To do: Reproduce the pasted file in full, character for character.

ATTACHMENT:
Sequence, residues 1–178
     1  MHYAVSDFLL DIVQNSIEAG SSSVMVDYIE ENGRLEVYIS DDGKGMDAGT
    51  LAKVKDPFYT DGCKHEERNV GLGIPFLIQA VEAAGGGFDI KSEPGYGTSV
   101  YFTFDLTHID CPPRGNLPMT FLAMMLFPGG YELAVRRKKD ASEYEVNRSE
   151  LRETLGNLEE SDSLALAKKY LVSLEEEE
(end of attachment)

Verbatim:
Sequence, residues 1–178
     1  MHYAVSDFLL DIVQNSIEAG SSSVMVDYIE ENGRLEVYIS DDGKGMDAGT
    51  LAKVKDPFYT DGCKHEERNV GLGIPFLIQA VEAAGGGFDI KSEPGYGTSV
   101  YFTFDLTHID CPPRGNLPMT FLAMMLFPGG YELAVRRKKD ASEYEVNRSE
   151  LRETLGNLEE SDSLALAKKY LVSLEEEE